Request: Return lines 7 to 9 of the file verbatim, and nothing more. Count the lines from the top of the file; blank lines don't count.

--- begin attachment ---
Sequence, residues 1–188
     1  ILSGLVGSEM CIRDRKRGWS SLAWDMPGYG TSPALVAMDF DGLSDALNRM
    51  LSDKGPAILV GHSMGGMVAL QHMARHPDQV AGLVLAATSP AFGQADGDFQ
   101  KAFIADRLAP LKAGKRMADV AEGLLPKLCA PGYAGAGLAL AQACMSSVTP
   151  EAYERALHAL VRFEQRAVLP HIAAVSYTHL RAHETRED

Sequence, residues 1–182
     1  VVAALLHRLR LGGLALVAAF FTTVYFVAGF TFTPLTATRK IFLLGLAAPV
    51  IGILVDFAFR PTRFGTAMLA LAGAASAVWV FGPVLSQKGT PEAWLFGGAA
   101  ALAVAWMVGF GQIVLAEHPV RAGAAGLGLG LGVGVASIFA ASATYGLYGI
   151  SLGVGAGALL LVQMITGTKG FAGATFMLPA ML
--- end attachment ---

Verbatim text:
     1  VVAALLHRLR LGGLALVAAF FTTVYFVAGF TFTPLTATRK IFLLGLAAPV
    51  IGILVDFAFR PTRFGTAMLA LAGAASAVWV FGPVLSQKGT PEAWLFGGAA
   101  ALAVAWMVGF GQIVLAEHPV RAGAAGLGLG LGVGVASIFA ASATYGLYGI